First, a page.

Company sees opportunities
GUELPH (May 16, 2007)
Executives at Guelph's Linamar Corp. say they're poised to seize new business in the wake of Chrysler being taken over by a New York equity firm.
DaimlerChrysler AG announced Monday it had sold Chrysler to private equity firm Cerberus Capital Management.
Linda Hasenfratz, Linamar's chief executive, said the Guelph auto parts giant sees huge potential in any new management team taking the helm at Chrysler.
It opens the possibility that Chrysler will outsource for some of its auto parts, Hasenfratz said last night at the River Run Centre during Linamar's annual shareholders meeting.
"It's a great opportunity with new owners who are going to look at the manufacturing strategy of the organization with fresh eyes," she said.
"Certainly with a non-industry player, they're going to be completely open to any and all ideas in terms of their manufacturing strategy and who those partners in the supply base will be," she said of Cerberus.
Hasenfratz said Linamar -- which employs 6,600 people in Guelph and about 11,000 worldwide -- hit a record in 2006 with $880 million in new business contracts in its automotive and industrial product lines. Linamar also saw about $2.3 billion in sales last year.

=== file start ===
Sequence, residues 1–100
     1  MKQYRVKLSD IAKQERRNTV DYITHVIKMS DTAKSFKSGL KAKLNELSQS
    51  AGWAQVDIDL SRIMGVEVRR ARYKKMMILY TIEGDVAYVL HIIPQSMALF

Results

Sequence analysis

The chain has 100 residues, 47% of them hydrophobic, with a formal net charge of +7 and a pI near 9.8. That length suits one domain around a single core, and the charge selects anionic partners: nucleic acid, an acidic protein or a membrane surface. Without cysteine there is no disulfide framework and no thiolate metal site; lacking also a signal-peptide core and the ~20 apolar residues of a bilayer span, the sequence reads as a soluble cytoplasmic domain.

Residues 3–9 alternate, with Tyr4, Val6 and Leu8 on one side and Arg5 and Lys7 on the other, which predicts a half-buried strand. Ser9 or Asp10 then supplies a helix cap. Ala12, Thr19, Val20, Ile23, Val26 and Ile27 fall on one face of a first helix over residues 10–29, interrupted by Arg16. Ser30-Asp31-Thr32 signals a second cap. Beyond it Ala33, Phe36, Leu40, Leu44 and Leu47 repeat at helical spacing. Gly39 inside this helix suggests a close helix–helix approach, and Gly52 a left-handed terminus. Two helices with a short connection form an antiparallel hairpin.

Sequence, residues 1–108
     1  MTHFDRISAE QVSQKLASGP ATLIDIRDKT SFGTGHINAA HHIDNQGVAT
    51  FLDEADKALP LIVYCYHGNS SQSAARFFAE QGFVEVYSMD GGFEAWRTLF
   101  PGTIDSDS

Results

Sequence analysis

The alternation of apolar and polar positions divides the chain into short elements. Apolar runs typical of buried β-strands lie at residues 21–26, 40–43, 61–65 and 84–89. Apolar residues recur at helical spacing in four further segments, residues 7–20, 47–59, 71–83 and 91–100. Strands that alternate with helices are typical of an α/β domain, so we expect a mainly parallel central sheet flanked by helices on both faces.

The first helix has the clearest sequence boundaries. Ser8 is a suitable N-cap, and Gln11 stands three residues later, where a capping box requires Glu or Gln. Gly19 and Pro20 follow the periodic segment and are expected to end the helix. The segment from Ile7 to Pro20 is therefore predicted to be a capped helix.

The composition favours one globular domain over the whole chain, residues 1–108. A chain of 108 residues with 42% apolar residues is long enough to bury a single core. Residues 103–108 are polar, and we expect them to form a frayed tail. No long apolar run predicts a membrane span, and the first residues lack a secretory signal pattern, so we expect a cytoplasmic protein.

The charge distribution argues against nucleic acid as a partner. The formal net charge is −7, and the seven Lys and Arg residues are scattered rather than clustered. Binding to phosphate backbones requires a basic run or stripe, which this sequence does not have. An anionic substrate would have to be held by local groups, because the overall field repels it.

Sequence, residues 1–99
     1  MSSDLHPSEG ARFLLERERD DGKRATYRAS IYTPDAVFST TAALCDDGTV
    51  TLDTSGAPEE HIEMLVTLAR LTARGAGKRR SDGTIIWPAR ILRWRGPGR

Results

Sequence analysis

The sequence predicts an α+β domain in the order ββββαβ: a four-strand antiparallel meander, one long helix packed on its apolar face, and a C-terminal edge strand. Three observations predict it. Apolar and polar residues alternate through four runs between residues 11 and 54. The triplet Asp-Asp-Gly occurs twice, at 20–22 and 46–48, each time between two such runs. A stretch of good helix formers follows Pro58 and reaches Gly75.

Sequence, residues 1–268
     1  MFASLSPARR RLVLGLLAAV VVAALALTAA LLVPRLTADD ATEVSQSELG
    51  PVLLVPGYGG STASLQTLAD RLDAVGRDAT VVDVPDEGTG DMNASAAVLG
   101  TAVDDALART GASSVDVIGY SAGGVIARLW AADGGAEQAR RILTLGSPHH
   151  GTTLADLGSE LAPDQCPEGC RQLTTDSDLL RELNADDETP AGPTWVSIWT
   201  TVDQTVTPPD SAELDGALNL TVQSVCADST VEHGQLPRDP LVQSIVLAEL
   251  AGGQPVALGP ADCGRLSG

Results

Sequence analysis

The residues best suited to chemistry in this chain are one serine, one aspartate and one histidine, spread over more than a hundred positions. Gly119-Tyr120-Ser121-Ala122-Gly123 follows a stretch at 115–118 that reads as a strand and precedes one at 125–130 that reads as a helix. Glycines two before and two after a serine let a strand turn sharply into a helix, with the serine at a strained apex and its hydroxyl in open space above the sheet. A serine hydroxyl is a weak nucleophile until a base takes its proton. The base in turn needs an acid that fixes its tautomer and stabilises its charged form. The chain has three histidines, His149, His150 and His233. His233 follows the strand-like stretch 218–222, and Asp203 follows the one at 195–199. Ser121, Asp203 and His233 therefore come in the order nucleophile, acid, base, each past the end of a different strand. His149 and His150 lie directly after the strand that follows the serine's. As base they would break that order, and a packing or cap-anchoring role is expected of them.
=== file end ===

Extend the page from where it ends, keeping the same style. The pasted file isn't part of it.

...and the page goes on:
Linamar Corp. hopes to reach $10 billion in annual sales by 2020.
Despite all the doom and gloom that has been associated with the Big Three North American automakers -- General Motors, Ford and DaimlerChrysler -- in the face of competitors such as Toyota and Honda, Hasenfratz said industry experts are predicting better things on the horizon.
"I actually do believe that we're bottoming out in terms of the market share changes that are happening with the Big Three," she said.
Gerry Fedchun, president of the Automotive Parts Manufacturers' Association, also said he's optimistic.
The automotive sector across North America has been facing a lot of turbulence. Canada has seen 10,000 jobs disappear in the auto parts sector over the last two years.
At the beginning of 2007, Fedchun said he could foresee a "worst-case scenario" in which another 5,000 jobs would be lost.
But in a phone interview last night, he said he is feeling much more optimistic about the future, saying things have bottomed out.
"I think we're bubbling along the bottom," Fedchun said. "We've had to live through a lot of pain to get there, but I think we're there."
Linamar announced last May that it would spend more than $1 billion to build a research and training centre in Guelph that will create 3,000 jobs over the next five years.
The company also announced it would get help from the provincial Liberals to the tune of $44.5 million. The money is from the government's $500-million Ontario Automotive Investment Strategy fund.
Hasenfratz said last night Linamar still plans to open that centre in 2008 on a new, as yet unnamed, property somewhere in Guelph.
"We're anticipating having an announcement within the next couple of weeks around where that will be."
She told shareholders the company will continue trying to diversify its product line to minimize risk and maximize growth potential.